The treasured Number 1 spot is never more hotly contested than the last couple of weeks in the year – the hallowed Official Christmas Number 1. Grabbing a Christmas chart-topper is a surefire way to ensure you go down in the history books.
Some songs sound like they should've been Christmas Number 1s, or huge festive smashes, but didn't go the distance. Hold tight on your one-horse open sleigh and prepare to be shocked by Christmas songs that maybe weren't as big a hit as you think.
All I Want For Christmas Is You
Think classic Christmas Number 1 and maybe you'll recall Mariah’s modern classic from 1994. Widely (correctly) regarded as the ultimate Christmas song, yes, it's sold over a million; yes, it's returned to the Top 40 every single year since 2007; and, yes, it’s Mariah’s top seller in the UK, but… Not a Number 1. No. I know.
The highest it's managed is Number 2, in 1994, when East 17's Stay Another Day beat it to top the festive chart rundown. Last year, it made the Top 10 a third time.
George's whispered "Merry Christmas" in the first verse is the stuff of legend, but Last Christmas is perhaps the most famous festive near-miss of them all.
On original release in 1984, it entered at Number 2 and stayed there for five weeks, kept off the top by the original Band Aid’s Do They Know It’s Christmas.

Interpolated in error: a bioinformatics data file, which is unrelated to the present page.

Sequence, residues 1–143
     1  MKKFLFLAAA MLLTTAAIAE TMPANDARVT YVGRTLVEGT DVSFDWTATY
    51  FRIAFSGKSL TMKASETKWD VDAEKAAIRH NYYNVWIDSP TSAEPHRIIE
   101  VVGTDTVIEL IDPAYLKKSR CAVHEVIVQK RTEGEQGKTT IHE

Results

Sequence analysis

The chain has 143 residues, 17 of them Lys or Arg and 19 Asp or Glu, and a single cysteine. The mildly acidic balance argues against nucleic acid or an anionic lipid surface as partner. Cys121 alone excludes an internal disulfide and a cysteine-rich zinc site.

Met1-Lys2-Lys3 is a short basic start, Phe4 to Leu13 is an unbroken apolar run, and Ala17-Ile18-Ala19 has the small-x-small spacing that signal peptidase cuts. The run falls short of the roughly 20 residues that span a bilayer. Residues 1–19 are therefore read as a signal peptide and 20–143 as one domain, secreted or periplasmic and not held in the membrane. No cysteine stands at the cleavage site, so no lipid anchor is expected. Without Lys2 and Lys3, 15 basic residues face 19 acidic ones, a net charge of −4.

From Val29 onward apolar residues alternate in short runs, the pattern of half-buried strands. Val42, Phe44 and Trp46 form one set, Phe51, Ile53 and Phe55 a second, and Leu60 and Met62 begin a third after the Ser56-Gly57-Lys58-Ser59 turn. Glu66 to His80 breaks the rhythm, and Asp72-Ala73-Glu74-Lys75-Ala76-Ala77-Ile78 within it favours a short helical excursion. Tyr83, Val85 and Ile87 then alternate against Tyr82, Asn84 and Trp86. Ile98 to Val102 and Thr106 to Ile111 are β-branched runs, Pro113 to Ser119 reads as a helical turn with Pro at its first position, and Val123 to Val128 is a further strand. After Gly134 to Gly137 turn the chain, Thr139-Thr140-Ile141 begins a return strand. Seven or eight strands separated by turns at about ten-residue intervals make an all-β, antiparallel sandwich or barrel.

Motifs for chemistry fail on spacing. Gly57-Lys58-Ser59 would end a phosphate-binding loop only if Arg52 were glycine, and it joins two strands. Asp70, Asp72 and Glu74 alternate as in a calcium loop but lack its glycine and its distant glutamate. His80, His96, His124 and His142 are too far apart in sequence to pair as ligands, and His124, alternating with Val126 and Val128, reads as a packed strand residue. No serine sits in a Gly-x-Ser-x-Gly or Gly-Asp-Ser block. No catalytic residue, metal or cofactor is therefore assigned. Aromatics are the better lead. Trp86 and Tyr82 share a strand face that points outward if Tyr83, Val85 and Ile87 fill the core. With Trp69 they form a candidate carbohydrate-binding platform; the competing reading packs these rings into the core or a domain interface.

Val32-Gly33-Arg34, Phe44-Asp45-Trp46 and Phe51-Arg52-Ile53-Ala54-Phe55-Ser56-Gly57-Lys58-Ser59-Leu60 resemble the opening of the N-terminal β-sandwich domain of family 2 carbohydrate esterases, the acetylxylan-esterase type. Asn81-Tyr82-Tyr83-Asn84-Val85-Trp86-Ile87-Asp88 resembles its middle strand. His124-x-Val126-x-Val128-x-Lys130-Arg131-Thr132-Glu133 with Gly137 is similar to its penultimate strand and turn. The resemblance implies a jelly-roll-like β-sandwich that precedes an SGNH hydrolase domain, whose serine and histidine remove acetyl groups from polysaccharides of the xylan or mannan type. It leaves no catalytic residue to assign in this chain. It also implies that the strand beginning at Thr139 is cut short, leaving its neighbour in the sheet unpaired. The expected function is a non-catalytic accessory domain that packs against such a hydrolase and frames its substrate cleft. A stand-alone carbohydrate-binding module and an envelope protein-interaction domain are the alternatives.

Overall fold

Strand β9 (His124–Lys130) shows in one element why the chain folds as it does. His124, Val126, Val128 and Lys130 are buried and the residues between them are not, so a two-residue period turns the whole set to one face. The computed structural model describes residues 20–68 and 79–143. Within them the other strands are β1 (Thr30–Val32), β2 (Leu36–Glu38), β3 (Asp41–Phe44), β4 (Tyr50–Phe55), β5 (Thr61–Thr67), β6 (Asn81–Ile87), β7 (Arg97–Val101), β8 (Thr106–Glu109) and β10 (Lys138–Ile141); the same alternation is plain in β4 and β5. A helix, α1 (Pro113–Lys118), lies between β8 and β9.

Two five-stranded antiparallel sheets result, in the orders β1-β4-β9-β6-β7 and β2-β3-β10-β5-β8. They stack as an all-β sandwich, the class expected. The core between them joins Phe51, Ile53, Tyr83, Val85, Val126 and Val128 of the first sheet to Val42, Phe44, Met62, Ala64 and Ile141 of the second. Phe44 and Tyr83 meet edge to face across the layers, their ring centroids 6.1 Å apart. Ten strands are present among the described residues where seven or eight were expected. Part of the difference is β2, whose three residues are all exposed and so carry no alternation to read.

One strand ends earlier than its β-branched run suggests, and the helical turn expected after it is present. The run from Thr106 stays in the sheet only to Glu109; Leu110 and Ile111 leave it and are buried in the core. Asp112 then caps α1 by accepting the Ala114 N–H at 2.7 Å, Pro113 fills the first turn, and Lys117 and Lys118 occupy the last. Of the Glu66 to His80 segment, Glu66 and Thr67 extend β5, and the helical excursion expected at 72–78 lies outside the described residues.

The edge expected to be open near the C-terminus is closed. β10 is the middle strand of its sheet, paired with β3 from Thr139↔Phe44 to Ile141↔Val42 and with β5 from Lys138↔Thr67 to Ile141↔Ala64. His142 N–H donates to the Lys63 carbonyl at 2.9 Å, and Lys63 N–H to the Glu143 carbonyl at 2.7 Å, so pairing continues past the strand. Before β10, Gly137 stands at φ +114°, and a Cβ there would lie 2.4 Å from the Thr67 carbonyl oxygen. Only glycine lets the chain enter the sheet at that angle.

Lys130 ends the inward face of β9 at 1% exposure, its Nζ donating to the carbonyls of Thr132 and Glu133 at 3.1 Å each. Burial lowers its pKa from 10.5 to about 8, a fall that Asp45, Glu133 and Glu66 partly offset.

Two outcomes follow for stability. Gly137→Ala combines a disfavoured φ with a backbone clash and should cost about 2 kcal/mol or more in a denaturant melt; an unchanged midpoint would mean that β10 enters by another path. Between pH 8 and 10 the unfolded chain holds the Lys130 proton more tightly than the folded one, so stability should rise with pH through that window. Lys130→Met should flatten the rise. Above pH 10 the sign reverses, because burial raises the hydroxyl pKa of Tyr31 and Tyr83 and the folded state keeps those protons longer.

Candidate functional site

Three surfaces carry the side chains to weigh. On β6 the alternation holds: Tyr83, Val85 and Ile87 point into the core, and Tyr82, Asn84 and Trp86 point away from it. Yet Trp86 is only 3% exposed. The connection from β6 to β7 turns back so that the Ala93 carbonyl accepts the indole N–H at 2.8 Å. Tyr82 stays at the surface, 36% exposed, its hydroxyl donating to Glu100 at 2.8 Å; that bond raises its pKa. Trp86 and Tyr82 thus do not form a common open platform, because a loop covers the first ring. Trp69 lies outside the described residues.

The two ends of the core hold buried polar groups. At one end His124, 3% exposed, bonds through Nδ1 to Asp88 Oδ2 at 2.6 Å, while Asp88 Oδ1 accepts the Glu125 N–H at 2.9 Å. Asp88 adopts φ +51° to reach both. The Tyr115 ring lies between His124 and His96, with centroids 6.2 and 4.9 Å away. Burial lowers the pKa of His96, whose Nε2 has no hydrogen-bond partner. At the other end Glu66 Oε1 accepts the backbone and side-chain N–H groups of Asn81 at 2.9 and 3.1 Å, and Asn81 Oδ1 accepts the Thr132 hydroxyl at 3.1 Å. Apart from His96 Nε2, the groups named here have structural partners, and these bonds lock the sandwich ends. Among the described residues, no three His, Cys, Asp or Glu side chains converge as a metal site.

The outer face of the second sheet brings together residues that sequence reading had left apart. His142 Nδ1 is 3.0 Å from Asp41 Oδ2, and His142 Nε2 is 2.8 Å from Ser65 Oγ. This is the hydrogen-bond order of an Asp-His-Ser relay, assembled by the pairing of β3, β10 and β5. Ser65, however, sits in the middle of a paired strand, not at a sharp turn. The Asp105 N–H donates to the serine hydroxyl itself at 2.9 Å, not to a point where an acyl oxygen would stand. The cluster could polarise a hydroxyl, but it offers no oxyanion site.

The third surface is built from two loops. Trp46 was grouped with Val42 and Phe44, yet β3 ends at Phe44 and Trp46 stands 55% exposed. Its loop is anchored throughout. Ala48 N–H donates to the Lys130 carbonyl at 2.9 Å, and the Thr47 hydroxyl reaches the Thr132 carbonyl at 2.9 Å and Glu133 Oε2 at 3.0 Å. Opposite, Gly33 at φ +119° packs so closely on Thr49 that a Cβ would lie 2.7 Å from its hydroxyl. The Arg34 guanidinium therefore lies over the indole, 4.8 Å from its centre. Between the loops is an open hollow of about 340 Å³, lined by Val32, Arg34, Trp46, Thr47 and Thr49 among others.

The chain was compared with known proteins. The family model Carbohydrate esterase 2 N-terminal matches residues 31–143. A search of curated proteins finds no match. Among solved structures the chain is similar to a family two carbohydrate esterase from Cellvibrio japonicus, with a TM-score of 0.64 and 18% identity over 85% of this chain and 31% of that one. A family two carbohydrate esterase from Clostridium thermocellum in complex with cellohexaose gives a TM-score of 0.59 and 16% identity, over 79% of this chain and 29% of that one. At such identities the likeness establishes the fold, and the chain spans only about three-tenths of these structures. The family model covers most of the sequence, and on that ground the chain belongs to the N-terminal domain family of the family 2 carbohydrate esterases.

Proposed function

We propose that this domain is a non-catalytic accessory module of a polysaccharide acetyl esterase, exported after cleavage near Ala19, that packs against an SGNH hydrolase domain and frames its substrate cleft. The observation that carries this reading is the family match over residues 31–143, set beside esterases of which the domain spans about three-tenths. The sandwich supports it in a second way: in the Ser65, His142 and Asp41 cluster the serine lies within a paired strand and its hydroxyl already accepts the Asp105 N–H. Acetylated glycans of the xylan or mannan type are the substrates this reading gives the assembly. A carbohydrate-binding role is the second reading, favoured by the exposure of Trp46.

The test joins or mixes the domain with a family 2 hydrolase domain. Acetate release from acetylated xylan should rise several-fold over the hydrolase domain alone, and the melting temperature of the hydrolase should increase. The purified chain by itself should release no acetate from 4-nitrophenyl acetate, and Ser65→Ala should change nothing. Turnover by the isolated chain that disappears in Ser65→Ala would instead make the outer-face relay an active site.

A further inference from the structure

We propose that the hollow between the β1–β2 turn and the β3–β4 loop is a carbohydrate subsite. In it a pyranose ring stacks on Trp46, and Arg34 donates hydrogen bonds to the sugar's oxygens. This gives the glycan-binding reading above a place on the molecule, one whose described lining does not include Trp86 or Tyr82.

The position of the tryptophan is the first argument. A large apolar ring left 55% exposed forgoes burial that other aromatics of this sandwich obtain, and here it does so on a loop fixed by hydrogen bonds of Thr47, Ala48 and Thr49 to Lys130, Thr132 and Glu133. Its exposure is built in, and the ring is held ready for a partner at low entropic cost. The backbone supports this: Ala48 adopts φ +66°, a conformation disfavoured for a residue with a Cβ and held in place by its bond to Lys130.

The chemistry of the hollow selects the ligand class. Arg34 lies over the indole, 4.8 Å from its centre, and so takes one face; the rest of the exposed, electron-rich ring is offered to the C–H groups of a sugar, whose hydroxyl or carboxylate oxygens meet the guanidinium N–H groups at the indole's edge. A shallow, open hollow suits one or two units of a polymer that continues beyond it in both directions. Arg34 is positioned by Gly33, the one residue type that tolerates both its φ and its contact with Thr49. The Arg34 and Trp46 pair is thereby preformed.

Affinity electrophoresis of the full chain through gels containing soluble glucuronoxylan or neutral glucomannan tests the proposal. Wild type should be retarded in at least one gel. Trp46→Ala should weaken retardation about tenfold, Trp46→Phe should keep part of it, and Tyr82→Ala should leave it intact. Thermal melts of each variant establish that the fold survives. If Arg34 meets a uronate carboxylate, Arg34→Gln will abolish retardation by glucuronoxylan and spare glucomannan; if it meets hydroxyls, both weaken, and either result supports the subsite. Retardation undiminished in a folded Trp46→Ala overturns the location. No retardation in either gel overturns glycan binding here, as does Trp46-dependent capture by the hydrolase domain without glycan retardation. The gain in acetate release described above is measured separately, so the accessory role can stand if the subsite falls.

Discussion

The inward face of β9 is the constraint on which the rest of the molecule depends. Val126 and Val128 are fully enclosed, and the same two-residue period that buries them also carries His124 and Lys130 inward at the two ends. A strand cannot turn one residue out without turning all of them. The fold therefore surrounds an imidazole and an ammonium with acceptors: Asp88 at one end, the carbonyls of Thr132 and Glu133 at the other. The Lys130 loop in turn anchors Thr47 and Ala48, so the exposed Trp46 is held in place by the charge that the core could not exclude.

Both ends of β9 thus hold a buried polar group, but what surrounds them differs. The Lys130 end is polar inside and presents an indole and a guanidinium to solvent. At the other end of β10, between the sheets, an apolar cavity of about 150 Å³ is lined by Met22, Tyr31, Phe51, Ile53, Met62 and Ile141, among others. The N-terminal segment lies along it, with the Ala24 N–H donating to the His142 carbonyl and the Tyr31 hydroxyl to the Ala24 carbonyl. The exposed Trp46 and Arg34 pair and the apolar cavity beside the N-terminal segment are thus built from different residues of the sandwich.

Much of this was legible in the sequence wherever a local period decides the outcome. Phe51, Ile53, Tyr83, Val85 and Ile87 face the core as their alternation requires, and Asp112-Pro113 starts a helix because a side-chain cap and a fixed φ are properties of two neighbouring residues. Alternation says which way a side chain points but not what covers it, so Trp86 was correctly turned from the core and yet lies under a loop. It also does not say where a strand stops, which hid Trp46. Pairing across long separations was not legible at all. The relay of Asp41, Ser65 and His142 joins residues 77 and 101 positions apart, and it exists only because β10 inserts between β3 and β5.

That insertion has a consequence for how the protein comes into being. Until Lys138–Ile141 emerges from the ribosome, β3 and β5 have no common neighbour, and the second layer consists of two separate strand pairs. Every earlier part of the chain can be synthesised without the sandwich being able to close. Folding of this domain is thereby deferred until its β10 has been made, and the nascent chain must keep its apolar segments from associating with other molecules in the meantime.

Last Christmas was reissued in 1985 for another go, making it to Number 6. It’s a million-seller and has the distinction of being the biggest selling single ever in the UK not to make Number 1. It's returned to the Top 40 nine times, and following the death of George Michael at the end of 2016, revisited the Top 10 for the first time in 21 years. 😢
Fairytale Of New York
The soundtrack to any tinsel-inspired drunken argument, this classic first charted 28 years ago, peaking at Number 2 behind Pet Shop Boys' Always On My Mind. It’s a million seller and has returned to the Top 10 three times, in 2005, 2006 and 2007 and the Top 20 nine further times, reaching Number 15 in 2016.
Another alternative Christmas message, Christmas Wrapping has, shockingly, never made the Top 40. Nope, never.
The original version, by no-nonsense American band The Waitresses, was released first in 1981 and didn’t chart at all. Another go in 1982 reached Number 45. It returned to the Top 100 for the first time at the end of 2016!
The closest it got to being an Official Christmas Number 1 is appearing as the B-side to one. Spice Girls covered it in 1998 and plonked it on their first post-Geri release Goodbye, which as we all know was the band’s third Christmas Number 1 in a row – a feat only the Beatles can also claim.
OK, so you may be seeing a lot of Bing in our Christmas rundowns. Dear Uncle Bing’s wish for a little bit of snow on Christmas Day is one of the most famous songs in the world, yet was never a Number 1.
It’s the oldest million-seller too – having been in circulation since 1942. It had to wait 35 whole years before it got a shot at the charts, though, reaching Number 5 in 1977.
Happy Xmas (War Is Over)
Beatle John Lennon’s Happy Xmas (War is Over) isn’t the cheeriest track in the world, we’ve got to admit, but being a bit reflective is what Christmas is all about, isn’t it?